Surat-based diamantaires have all the reasons to smile as profits rise with rough diamond prices showing sharp decline in recent weeks. In addition to that, the diamantaires are looking at improved earnings during the ensuing festive season.
The rough diamond prices, which had increased by about 50-60 per cent in the first half of the current year, have fallen by 20-22 per cent in past couple of weeks. The decline in prices is considered as a fallout of the declaration made by the diamond mining companies for not raising prices for remaining part of the year.
The move came as a boost for the ailing diamond industry, which was facing pressure on margins amid high costs of rough diamonds and low demand. Increase in rough diamond prices prompted diamantaires to pass the burden on consumers, which led to a slowdown in demand.
"The time has come to make profits now. Rough diamond prices have fallen and festive season is approaching. We are hopeful for robust demand during Diwali and Christmas and rough diamond prices have also come under control now. This is a profitable proposition for diamond industry," said Dinesh Navadia, president, Surat Diamond Association.
However, he mentioned that the prices of polished diamonds too have shown a downward correction but not as much as that of rough diamond. The polished diamonds prices have come down by about 15 per cent in past couple of weeks.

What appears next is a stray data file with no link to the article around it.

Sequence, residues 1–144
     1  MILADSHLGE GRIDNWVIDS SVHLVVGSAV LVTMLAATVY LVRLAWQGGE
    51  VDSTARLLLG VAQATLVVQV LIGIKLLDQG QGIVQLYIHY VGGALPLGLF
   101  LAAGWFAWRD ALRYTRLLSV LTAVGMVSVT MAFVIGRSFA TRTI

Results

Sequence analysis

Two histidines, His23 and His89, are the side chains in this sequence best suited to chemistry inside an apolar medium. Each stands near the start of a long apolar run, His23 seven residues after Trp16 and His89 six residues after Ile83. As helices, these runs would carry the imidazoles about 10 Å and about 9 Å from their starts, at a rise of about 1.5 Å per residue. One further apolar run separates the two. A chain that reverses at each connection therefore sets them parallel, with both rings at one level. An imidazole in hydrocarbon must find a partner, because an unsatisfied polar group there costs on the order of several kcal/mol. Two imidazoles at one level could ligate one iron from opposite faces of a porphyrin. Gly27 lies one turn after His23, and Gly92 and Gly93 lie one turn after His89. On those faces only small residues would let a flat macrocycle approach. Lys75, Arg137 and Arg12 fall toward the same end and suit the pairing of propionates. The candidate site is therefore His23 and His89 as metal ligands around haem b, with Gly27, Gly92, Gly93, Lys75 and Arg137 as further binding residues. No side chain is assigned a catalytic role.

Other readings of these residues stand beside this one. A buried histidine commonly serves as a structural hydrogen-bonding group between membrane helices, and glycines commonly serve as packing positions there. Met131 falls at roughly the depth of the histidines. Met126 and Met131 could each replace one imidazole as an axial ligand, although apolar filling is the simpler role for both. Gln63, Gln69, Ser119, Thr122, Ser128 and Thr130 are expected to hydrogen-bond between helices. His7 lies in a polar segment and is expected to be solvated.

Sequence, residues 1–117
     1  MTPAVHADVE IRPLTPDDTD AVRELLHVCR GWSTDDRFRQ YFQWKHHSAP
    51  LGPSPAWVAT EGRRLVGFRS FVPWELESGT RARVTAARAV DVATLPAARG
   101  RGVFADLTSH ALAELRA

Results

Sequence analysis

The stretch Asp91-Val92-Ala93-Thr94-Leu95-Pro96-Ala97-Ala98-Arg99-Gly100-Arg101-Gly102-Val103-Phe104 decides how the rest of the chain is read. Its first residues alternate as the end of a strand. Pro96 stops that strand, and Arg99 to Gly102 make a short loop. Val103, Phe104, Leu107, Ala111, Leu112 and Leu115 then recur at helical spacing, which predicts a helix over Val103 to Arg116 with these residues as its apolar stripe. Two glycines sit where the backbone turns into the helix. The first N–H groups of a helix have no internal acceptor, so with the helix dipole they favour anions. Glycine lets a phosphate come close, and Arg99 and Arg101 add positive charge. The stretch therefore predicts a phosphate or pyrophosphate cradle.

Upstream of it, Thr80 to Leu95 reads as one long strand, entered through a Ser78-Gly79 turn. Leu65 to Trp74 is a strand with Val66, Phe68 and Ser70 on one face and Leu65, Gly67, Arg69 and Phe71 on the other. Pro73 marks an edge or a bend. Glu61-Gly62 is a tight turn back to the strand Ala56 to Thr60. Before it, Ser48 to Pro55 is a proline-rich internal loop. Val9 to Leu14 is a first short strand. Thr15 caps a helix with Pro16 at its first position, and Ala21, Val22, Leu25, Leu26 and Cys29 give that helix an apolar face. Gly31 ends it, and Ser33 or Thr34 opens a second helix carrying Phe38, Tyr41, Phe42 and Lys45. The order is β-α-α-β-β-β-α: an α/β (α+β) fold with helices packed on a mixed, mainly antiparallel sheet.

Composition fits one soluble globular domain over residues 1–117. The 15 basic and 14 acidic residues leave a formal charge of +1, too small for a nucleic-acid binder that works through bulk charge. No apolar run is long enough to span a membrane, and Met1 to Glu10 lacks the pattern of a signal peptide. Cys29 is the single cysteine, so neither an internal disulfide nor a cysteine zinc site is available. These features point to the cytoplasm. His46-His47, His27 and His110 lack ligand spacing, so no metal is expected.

Industry insiders believe that a fall in the rough diamond prices would provide an opportunity to the diamond players to make handsome profits, which they could not make in past nine months due to sharp increase in the rough diamond prices.
According to experts, sales may start improving once again after a period of lull. Some of the diamantaires are likely to build an inventory by stocking cheap rough diamonds. But many of them may avoid stocking due to lack of liquidity. "Stocking of rough diamonds at lower prices makes a good business sense. But not many traders have such high liquidity to pile up huge inventories," added Navadia.
However, the diamantaires are positive to make good profits as costs have fallen and demand is expected to stay firm during peak season, i.e. October to December. The three months are believed to generate nearly 30 per cent of the total annual sales for the diamond industry.